July 27, 2018 Practice Points

Supreme Court Rules in Favor of Employers by Enforcing Arbitration Agreements

By Ariel E. Harris and Graves Upchurch

In a 5-4 decision, the Supreme Court delivered a blow to employment rights. In an opinion by Justice Gorsuch the Court ruled that the Federal Arbitration Act, permitting individual arbitration agreements between an employer and employee, must be enforced, regardless of past decisions by the National Labor Relations Board. This decision gives employers more power, ensuring them that courts will enforce bilateral arbitration agreements.

In Epic Systems Corp. v. Lewis, the Court consolidated three cases concerning the ability of an employer to enter into an agreement with an employee stipulating that any dispute will be resolved through one-on-one arbitration. In essence, these agreements restrict employees from collectively bringing an action an employer. The three consolidated cases are similar in substance. One of the three, Ernst & Young LLP v. Morris, involved a junior accountant who entered into a one-on-one arbitration agreement with his employer. Despite the agreement the junior accountant sued Ernst & Young in federal court in a class action for “wage theft.” The Ninth Circuit Court of Appeals held that the Arbitration Act requires courts to enforce arbitration agreements, but the “saving clause” within the statute removes that requirement if enforcing it violates another federal law. In this case, the Ninth Circuit decided the arbitration agreement violated the National Labor Relations Act by preventing employees from pursuing class action or collective claims.

Consequently, the Supreme Court was tasked with deciding how to interpret two apparently competing statutes. In the opinion, Gorsuch remarked that for the past several decades courts have generally agreed that arbitration agreements should be enforced. It wasn’t until 2012 that the National Labor Relations Board decided for the first time in over 70 years that the National Labor Relations Act (NLRA) prohibits these types of agreements. To deal with this confusion, Gorsuch examined how each federal law should be interpreted in light of the other.

In short, the Court found the savings clause does not preserve an employee’s cause of action because, “the savings clause recognizes only defenses that apply to ‘any’ contract.” Epic Systems v. Lewis, 584 U.S. ­__ (2018). In this case, the employees’ argument fell short because they didn’t allege standard contract defenses such as fraud, duress, or unconscionability. The employees’ only objection to the contract was the individual arbitration requirement, which is not a defense to a contract. In simple terms, the majority sided with precedent, opting to continue to follow, “a congressional command requiring us to enforce, not override, the terms of arbitration agreements before us.” Id.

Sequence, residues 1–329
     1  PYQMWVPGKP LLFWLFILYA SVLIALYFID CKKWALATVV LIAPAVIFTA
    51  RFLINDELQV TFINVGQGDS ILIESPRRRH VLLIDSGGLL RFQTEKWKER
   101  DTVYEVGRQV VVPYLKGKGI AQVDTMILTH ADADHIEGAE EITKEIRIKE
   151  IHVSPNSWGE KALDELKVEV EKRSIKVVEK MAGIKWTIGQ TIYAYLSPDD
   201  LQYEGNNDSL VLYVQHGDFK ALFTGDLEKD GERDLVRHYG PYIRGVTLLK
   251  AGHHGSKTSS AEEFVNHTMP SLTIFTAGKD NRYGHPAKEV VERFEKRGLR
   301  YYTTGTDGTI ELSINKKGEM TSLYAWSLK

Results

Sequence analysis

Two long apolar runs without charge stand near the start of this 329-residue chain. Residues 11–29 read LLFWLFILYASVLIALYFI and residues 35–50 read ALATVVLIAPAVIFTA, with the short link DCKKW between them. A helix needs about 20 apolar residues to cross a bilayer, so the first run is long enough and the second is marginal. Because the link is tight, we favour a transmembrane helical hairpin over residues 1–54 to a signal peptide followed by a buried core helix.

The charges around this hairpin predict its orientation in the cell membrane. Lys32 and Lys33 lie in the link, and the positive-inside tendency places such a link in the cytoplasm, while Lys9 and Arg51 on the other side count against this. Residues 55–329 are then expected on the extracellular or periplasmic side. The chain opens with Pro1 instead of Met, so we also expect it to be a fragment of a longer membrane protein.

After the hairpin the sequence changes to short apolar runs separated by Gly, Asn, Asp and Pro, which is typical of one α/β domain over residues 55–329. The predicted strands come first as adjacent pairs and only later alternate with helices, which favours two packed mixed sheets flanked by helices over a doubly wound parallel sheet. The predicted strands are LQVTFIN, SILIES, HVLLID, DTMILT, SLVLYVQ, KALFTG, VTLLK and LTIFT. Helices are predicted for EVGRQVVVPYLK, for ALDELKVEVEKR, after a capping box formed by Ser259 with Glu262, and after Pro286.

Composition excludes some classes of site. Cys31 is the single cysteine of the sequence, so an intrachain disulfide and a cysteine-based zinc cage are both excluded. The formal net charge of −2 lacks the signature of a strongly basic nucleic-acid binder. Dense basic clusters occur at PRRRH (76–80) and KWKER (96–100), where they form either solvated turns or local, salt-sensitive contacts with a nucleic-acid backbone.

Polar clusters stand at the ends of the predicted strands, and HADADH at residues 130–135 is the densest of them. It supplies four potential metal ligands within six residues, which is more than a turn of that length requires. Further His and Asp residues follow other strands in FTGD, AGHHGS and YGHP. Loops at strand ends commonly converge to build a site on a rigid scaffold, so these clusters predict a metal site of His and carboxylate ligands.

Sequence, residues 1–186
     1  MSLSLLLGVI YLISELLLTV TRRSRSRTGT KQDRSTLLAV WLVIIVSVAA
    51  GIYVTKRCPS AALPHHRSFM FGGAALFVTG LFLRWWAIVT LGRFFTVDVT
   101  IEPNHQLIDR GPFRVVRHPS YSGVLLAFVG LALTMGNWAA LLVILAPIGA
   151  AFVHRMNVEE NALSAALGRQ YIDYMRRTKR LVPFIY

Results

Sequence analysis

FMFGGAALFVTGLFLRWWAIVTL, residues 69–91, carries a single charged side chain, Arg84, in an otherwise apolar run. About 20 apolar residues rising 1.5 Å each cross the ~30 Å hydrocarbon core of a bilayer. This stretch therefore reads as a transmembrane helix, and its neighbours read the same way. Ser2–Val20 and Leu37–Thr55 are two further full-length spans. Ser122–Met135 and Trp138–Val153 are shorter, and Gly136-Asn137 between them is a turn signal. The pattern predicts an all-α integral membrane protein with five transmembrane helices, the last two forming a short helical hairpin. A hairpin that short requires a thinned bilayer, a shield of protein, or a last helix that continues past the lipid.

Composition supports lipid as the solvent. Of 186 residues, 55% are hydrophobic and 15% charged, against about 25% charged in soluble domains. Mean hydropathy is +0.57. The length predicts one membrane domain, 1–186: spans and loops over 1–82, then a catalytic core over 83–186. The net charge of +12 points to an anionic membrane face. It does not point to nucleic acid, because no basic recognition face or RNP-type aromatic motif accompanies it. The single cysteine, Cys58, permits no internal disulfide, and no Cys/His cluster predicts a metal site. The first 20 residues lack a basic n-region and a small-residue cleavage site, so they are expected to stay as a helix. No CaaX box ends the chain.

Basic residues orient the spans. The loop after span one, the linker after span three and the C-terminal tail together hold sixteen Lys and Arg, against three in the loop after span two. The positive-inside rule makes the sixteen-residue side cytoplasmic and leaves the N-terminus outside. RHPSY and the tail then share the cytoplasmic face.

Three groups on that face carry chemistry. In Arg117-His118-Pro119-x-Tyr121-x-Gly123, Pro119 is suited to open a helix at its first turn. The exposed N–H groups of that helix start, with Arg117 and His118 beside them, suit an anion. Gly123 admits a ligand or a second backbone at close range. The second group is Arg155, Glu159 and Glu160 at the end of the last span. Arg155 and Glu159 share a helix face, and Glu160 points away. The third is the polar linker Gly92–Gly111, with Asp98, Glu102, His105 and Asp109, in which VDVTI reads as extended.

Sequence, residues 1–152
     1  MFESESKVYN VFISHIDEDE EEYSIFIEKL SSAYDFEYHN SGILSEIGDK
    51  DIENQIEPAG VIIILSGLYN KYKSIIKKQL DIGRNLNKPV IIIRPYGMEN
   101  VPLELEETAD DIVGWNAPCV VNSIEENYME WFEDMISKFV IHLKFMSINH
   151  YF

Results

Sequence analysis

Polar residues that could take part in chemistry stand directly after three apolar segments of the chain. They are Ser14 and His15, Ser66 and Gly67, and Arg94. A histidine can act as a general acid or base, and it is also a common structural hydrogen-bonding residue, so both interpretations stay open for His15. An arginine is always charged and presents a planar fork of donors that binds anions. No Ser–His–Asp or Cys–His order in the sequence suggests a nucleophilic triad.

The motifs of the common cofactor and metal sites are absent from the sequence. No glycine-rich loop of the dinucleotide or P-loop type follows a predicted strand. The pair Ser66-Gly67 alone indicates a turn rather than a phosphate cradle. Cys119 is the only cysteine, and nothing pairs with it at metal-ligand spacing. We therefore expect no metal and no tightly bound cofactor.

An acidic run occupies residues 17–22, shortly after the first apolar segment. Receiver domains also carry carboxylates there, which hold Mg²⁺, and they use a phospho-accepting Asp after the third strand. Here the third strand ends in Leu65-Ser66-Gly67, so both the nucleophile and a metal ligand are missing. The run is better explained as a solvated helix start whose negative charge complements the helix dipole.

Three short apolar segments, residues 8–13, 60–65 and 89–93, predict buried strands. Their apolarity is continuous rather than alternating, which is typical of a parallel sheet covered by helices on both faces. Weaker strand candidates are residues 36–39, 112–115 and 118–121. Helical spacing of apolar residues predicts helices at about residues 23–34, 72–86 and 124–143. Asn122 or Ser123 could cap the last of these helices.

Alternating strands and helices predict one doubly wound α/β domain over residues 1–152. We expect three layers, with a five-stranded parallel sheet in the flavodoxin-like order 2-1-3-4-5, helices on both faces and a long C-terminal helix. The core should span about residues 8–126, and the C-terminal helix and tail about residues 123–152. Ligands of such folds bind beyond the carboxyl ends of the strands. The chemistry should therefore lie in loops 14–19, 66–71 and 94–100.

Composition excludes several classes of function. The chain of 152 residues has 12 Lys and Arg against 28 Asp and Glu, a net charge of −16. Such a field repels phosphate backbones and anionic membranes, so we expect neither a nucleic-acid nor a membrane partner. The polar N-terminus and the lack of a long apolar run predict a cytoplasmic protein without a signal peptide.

Having dealt with the savings clause in the Federal Arbitration Act, Gorsuch pushed forward, addressing the employees’ argument that the National Labor Relations Act in effect overrules the Court’s decision to enforce arbitration agreements. In response, the opinion reiterated the rule that a party attempting to show two Congressional statutes cannot be harmonized bears a heavy burden of showing clear Congressional intent that one statute does in fact trump the other. There’s a strong presumption that Congress will specifically overrule preexisting law when it intends to nullify certain statutes. Gorsuch explains that these rules exist to support the separation of powers. The Court can’t, and shouldn’t go about the business of choosing to repeal or amend laws, that is the duty of the legislature. Specifically, the employees point to a section of the NLRA that gives them the right to join together in collective bargaining for protection. This statute, they argue, should be interpreted as superseding the Arbitration Act. Careful to respect the legislature’s intent, the Court acknowledges this provision may allow unions to collectively bargain to prohibit arbitration, but does not explicitly disapprove of arbitration agreements. Nor does it mention overruling the Arbitration Act. Consequently, the Court is unwilling to interpret the NLRA as displacing arbitration agreements.  

The Court has continually expressed that provisions advocating collective legal action do not necessarily preclude individual conciliation through arbitration. Moreover, since there is no specific statute discussing the relationship between arbitration and collective actions, the Supreme Court is unwilling to overturn a law Congress has not addressed. Congress has addressed the fact that arbitration agreements should be enforced, which the Court will follow.  This opinion provides insight into the steps the judiciary will take to avoid overstepping its own power by making decisions best left to the legislature.
 

Ariel E. Harris is an associate with Nelson Mullins Riley & Scarborough LLP, Charlotte, North Carolina. Graves Upchurch is a summer associate with Nelson Mullins Riley & Scarborough LLP, Charlotte, North Carolina.


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